Then there’s the release of new technology. We tend to expect to see all significant new technology become the subject of social engineering attacks, though personally I would not be at all disappointed if that failed to happen for once. But I’m not holding my breath. We’ve already seen scams specific to the new iPad mini (but ‘free iPad’ scams via Facebook apps, email, SMS and so on, are a persistent feature of the threatscape, not surprisingly given the popularity of tablets in general and that particular product specifically). Then there’s Windows 8. While I agree with Aryeh that there are lots of good things in the latest version of Windows, security-wise – I have to, as he’s far more knowledgeable on Windows internals than I am! – the fact is that there is much more to being safe online than the operating system, though having a well-secured and maintained OS is no bad thing.
Secure as Windows 8 seems to be – though it’s clear that the search for ways in which to compromise it has been underway since long before its public release, and there are already reports of exploits – it has already been used extensively for social engineering attacks of various kinds. Trend Micro has sounded the alarm on fake anti-virus passing itself off as a Win8-specific security program, and both Trend and Sophos have flagged email messages offering a ‘free upgrade’ to Windows 8.
However, the link in one such email takes you to a form that looks a lot like this. I got this screen capture yesterday, several days after the articles by our friends at Sophos and Trend Micro so it would seem the phishing scam, unlike the storm, has not yet passed. If you complete the form, your information is redirected to an unknown address. And you may notice that the form doesn’t mention Windows 8: it’s so generic that it could be used for almost any scam, with a little bit of careful social engineering in the initial phishing message. (The phish message flagged by Trend and Sophos is actually pretty unconvincing.)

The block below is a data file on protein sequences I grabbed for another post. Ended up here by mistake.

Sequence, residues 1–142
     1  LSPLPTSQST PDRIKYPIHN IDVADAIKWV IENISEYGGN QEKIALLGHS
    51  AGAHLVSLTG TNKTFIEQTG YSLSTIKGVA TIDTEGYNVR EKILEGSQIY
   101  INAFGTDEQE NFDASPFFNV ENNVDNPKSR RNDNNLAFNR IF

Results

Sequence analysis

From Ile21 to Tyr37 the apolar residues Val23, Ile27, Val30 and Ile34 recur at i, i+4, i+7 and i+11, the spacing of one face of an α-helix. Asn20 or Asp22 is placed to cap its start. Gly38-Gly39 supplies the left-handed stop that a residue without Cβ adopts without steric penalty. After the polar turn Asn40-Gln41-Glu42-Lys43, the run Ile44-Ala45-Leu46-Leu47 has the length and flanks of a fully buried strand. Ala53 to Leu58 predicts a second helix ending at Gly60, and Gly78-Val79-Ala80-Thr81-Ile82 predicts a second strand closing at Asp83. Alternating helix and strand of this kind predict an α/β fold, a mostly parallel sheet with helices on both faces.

But here’s a slightly different angle of attack. Vicki, who quite often comments on our blogs, told me today that “…a friend of mine recently received a call from a female who sounded foreign … who claimed Microsoft was having them call everyone about a nasty virus all people with Windows 7 were experiencing…”
As it happens, I’ve heard about (and received) calls rather like that before. We’ve already mentioned here that support scammers from India used a spike in detections of Quervar/Dorifel in the Netherlands to offer ‘help’ to people in that region with disinfection, and I’ve received calls here in the UK from scammers who claimed that they could help me with a virus that was epidemic in this region, though they were unable to tell me which virus.
Can we expect scam calls like the one Vicki’s friend received, offering help with a Windows 8 virus or perhaps with other Windows 8 problems? I don’t know, but it’s certainly far from impossible. As more people get to hear about the older forms of the scam, the scammers are likely to seek new variations, and it’s a short step from 7 to 8…